Mardi 29 septembre, le matin (heure canadienne), je donnerai un exposé au groupe de travail modcov19, du CNRS, en France, pour présenter notre article COVID-19 pandemic control: balancing detection policy and lockdown intervention under ICU sustainability

# Tag Archives: control

# ENBIS Seminar, about Covid-19

Wednesday, I will be giving a talk at the seminar at the European Network for Business and Industrial Statistics (ENBIS), to present our model on COVID-19 pandemic control: balancing detection policy and lockdown intervention under ICU sustainability. The slides can be downloaded from here.

# Modeling Dynamic Incentives: Application to Basketball

I will give a talk on “* Modeling Dynamic Incentives: Application to Basketball*” at the GERAD (Groupe d’études et de recherche en analyse des décisions) on

An important aspect of the strategy of most organizations is the provision of incentives to the employees to meet the organization’s objectives. Typically this implies tying pay to performance (see Prendergast, 1999). In order to reward employees for their effort, ﬁrms spend considerable resources on performance evaluations. In many cases, evaluation consists of comparing actual performance to a pre-deﬁned individual target. Another frequently used format is relative performance evaluation. Relative performance evaluation may motivate employees to work harder.But it may also be demoralizing and create an excessively competitive workplace, which may hinder overall performance; see Lazear (1989). Determining the overall impact of relative performance evaluation is crucial for companies. Economic research on relative performance evaluation has mainly focused on the comparison of ﬁnal performances between competitors,like in tournament theory, and on quantitative and subjective performance ratings (Lazear and Gibbs, 2009). In contrast, what happens during a competition and the impact of feedback frequency on effort have so far received little attention. Following Berger and Pope (2011), we decided to use a basketball application to get a better understanding of the role of the feedback information. Sports datasets allow to observe score and team behavior continuously (during a game but also during the season) which can be use as a proxy of the effort. Berger an Pope (2010) asked ”can loosing lead to winning ?” looking at the impact of the halftime score difference on winning probability in NCAA (college) and NBA (pro) games. More precisely, they studied whether a team loosing at halftime is more likely to win than expected using a logit model. They ﬁnd that usually the higher the score difference the more likely the are to win. But if the halftime score difference is around 0 they observe a discontinuity: loosing with a small difference (e.g. down by 1 point) can lead to increase the effort and win the game. In this paper we try answer the question ”when loosing lead to winning ?”.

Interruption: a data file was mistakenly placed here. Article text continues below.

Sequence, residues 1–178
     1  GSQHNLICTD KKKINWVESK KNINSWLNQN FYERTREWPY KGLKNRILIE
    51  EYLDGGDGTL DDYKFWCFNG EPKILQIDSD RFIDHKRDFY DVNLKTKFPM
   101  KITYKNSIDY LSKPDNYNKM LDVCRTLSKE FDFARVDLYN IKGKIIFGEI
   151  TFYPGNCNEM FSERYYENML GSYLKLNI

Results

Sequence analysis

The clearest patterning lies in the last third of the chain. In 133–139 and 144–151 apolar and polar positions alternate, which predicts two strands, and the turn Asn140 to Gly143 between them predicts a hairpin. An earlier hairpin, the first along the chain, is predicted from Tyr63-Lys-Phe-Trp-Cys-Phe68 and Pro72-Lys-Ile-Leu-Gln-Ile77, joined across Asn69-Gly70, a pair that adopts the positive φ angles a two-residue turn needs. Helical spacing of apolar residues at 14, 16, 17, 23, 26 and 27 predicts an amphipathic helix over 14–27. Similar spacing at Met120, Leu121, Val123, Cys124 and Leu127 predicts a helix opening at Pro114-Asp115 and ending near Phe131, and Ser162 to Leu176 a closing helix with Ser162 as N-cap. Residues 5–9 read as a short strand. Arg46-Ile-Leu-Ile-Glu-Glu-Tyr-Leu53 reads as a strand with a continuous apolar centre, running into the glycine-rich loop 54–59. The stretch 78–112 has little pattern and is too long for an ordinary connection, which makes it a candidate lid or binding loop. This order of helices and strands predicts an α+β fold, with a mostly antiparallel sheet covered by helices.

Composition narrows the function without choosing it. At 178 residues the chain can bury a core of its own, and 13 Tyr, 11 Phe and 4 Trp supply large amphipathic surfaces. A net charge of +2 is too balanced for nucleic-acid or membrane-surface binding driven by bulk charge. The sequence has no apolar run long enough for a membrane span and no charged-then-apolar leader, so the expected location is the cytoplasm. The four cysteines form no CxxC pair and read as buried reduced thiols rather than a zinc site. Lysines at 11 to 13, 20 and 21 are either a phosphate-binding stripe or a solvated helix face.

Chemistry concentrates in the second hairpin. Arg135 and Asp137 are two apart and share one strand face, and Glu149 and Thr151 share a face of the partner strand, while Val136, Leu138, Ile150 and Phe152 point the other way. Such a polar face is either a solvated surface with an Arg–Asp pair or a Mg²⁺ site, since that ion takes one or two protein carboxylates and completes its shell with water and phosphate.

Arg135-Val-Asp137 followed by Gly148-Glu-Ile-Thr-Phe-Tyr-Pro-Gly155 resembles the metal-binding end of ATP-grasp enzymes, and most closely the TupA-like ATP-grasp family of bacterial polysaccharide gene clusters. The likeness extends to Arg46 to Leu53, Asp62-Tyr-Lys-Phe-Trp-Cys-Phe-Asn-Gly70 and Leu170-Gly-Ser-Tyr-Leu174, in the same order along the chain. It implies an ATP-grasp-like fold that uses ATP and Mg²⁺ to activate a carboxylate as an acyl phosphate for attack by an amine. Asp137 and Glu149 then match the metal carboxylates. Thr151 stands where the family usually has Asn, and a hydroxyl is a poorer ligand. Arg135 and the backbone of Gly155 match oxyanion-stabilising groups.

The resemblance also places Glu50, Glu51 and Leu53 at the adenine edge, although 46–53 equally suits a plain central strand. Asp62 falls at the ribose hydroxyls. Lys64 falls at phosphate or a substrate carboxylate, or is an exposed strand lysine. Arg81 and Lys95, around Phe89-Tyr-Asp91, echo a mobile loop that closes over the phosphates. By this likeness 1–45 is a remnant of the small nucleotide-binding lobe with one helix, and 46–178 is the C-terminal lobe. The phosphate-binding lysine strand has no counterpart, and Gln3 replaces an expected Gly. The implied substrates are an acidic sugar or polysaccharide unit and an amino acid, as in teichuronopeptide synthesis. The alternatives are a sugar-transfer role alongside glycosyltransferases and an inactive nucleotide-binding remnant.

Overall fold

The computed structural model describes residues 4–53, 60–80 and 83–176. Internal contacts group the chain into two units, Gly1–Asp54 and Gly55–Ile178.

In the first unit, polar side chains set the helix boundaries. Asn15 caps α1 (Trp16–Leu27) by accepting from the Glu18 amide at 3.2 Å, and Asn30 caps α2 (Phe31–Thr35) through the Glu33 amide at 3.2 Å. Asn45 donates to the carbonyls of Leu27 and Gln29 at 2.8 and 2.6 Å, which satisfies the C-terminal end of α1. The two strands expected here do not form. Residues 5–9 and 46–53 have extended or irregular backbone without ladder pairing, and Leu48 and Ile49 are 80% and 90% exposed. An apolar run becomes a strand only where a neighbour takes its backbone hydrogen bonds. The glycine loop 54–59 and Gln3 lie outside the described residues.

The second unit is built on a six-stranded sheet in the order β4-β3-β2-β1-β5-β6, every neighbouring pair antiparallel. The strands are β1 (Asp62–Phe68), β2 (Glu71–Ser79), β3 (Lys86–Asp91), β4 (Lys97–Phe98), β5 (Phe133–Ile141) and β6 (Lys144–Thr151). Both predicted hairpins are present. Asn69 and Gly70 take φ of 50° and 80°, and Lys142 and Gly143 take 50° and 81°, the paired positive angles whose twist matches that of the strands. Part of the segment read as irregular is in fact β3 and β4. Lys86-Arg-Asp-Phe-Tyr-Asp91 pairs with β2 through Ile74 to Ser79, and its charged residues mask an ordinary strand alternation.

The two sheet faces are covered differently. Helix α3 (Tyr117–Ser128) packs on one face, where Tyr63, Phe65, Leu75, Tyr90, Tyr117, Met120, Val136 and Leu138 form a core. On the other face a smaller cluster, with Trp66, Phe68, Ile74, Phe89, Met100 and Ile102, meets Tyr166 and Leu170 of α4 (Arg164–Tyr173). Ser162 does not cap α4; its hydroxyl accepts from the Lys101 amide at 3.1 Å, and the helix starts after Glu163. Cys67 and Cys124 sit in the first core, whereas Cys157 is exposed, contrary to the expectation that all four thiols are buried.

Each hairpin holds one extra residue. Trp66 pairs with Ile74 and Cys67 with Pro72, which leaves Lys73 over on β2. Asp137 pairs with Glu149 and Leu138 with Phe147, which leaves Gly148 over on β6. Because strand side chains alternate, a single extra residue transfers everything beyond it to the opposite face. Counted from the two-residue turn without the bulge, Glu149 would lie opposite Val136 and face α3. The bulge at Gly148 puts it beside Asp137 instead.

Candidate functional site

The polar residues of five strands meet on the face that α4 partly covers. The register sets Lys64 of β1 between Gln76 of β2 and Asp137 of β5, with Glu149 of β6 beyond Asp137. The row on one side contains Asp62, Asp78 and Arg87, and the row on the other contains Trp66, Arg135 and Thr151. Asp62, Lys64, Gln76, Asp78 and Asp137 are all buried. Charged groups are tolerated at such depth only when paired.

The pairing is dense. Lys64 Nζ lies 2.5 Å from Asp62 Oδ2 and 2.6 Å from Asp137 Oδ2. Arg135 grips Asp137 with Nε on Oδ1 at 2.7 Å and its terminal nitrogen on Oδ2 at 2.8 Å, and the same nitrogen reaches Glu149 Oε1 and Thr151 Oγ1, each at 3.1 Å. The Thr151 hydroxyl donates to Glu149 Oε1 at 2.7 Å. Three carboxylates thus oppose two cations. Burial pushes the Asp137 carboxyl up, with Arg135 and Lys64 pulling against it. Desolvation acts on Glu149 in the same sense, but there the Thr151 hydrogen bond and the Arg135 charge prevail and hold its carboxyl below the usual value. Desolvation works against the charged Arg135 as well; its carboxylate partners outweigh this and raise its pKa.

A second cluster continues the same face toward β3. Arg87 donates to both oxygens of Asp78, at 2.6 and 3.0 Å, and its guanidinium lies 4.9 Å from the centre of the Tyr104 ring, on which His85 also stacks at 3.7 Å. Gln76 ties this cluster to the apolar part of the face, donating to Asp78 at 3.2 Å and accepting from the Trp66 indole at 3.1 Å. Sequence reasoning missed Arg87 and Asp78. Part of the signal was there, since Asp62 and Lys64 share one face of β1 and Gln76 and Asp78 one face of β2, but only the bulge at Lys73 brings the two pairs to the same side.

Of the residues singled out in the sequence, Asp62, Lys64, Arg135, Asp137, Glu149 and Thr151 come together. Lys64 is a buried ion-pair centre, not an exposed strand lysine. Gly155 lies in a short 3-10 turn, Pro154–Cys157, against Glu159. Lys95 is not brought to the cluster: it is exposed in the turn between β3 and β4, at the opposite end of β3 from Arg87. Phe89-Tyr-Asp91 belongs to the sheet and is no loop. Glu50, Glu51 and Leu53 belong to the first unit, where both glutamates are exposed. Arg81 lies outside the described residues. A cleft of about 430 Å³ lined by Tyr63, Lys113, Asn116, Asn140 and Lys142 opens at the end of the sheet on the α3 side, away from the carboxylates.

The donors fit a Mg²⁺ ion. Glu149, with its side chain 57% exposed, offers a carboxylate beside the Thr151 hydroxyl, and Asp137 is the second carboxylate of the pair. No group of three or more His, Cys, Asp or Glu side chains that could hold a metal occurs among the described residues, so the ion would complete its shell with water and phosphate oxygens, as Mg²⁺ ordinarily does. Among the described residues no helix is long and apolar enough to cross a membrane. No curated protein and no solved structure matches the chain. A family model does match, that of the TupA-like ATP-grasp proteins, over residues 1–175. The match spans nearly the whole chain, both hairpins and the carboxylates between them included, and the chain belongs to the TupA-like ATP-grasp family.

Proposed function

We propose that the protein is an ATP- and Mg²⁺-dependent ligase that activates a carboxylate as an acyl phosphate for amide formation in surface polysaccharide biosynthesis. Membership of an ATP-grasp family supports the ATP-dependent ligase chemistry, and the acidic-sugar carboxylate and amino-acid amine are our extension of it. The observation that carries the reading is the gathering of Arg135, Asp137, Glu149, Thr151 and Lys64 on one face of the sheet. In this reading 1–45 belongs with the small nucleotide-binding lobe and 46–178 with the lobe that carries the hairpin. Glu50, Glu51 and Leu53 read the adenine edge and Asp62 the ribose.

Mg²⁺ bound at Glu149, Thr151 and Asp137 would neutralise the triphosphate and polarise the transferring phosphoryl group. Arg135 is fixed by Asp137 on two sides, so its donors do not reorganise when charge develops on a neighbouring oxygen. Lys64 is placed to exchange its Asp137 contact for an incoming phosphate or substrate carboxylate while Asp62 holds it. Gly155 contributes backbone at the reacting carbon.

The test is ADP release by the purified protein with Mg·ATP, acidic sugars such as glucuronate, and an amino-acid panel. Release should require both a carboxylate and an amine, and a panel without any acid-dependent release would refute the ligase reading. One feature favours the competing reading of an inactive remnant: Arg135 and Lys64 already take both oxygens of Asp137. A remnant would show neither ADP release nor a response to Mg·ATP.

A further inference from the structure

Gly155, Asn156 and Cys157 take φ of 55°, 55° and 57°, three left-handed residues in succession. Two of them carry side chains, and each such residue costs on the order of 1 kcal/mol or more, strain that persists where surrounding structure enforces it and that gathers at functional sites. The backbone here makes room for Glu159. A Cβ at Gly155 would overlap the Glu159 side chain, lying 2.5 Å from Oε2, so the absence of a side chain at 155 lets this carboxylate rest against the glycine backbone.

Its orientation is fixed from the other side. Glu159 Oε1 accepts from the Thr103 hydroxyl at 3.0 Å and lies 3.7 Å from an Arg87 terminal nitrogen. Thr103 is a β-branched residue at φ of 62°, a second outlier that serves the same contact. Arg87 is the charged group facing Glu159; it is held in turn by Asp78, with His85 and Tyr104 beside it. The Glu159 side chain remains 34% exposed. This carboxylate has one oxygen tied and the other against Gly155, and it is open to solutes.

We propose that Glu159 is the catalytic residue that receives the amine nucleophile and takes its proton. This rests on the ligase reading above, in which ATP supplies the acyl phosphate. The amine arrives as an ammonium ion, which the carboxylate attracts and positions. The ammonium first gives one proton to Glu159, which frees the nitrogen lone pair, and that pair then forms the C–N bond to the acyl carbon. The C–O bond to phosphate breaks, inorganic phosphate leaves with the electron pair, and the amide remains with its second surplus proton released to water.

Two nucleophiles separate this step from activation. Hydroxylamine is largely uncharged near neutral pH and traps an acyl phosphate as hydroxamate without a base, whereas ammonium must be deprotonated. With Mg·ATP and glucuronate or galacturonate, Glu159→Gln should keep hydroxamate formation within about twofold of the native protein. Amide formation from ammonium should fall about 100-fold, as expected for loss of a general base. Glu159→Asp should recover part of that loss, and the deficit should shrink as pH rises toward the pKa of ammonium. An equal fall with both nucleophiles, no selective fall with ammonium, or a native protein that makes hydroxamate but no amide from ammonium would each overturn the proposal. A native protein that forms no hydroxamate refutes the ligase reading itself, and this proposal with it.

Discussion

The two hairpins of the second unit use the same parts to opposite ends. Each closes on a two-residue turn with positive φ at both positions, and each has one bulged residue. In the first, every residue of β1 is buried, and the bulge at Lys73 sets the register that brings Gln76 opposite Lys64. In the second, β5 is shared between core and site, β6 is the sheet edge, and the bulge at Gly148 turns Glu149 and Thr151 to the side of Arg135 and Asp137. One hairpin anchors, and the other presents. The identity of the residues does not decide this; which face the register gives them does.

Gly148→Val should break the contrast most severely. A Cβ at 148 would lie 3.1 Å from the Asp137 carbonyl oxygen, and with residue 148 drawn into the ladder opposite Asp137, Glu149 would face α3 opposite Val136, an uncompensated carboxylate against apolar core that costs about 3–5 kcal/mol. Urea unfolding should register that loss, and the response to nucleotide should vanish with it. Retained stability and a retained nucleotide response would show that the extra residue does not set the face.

# Optimal control, part 2

In the first part (here), we introduced Bellman’s idea of backward induction. But what if we consider now infinite time horizon ? Actually, the maths will be even more simple… and we will be able to use fixed pointed theorem to derive solutions.

**The mathematical framework**

Here, consider the following value function

and define

A sequence is said to be an admissible solution for starting point x,